To be biblically strong, our family identities must include a culture of constructive correction. A large part of parenting is remembering that Hebrews 12:6 tells us that even “the Lord disciplines the one he loves and punishes every son he receives.” Constructive feedback about our weaknesses and how to address them is helpful and good. While the term criticism may have negative connotations, we must remember the discipline, instruction, admonition, and punishment are all aspects of learning that a child (and, truly, we adults as well) need in order to grow more mature and responsible and to grow in the sanctification process.

A second reason for private correction comes from Matthew 18:15 which encourages us that, “If your brother sins, go and show him his fault in private; if he listens to you, you have won your brother.” If we step into a public forum for correction that should have begun in private, we lose the opportunity to deepen understanding and growth. Proverbs 15:1 tells us that “A gentle answer turns away wrath, but a harsh word stirs up anger.” Even if we don’t intend it, a word of correction in public can be taken much more harshly than a word in private because embarrassment adds to the feelings and thought patterns.

However, there are exceptions, and a five-minute family must know when to apply the guideline and when to break it. Most of the time, it is a fairly good policy to follow. Sometimes, our family member will mess up big time in public. If that behavior is left unchecked in public, then other people outside the family may think that this wrong behavior is acceptable. If someone outside the family unit was wronged or hurt in the process, then a public correction may be needed for the good of everyone involved. We must be loving and prayerful if we feel that this is the correct approach.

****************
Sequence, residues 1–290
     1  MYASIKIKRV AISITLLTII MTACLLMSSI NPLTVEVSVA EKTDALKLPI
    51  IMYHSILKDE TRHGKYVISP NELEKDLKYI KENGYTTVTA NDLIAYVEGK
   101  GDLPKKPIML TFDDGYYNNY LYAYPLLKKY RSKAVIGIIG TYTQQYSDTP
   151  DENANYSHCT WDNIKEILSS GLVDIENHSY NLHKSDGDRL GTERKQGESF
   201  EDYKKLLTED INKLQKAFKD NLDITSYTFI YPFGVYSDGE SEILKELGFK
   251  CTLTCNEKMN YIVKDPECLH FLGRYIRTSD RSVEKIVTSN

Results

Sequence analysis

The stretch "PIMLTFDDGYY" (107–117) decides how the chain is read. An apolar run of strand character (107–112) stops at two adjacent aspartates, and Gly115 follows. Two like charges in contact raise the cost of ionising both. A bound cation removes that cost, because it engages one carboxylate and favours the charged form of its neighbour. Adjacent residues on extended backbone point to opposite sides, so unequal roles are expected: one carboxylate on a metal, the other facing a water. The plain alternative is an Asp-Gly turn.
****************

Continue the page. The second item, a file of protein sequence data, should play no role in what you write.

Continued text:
On a final note, please realize that another instance in which the “public praise; private correction” idea might not be the best would be in the case of an Introverted family member, especially children. For some people, any public acknowledgment of them can bring them much embarrassment and concern, and may even lead them not to do well in the future because they do not want to be in the spotlight. We must know our loved ones and meet them where they are in this occasion.

Parents, we should encourage our children to respectfully address their concerns about us as well. Not publicly but privately. Now, we can address our own parenting fails publicly if we feel that others who know us will be able to learn from our mistakes, but nonetheless, our children need to know how to address concerns that they see in others and working through those challenges within the family unit will allow you to grow in your parenting skills and your child to grow in their interpersonal communication skills.

If you and your family as well as families you are living life with want to learn more communication and biblical relating principles, we would love to chat with you about coming to Clear View Retreat for a family camp next year. A family camp is out of the norm in most circles, but the families who have made the trip say that they learned together, had fun together, grew closer, and have better relationships after investing a weekend of time in each other. Check out our website clearviewretreat.org for more information. Be blessed.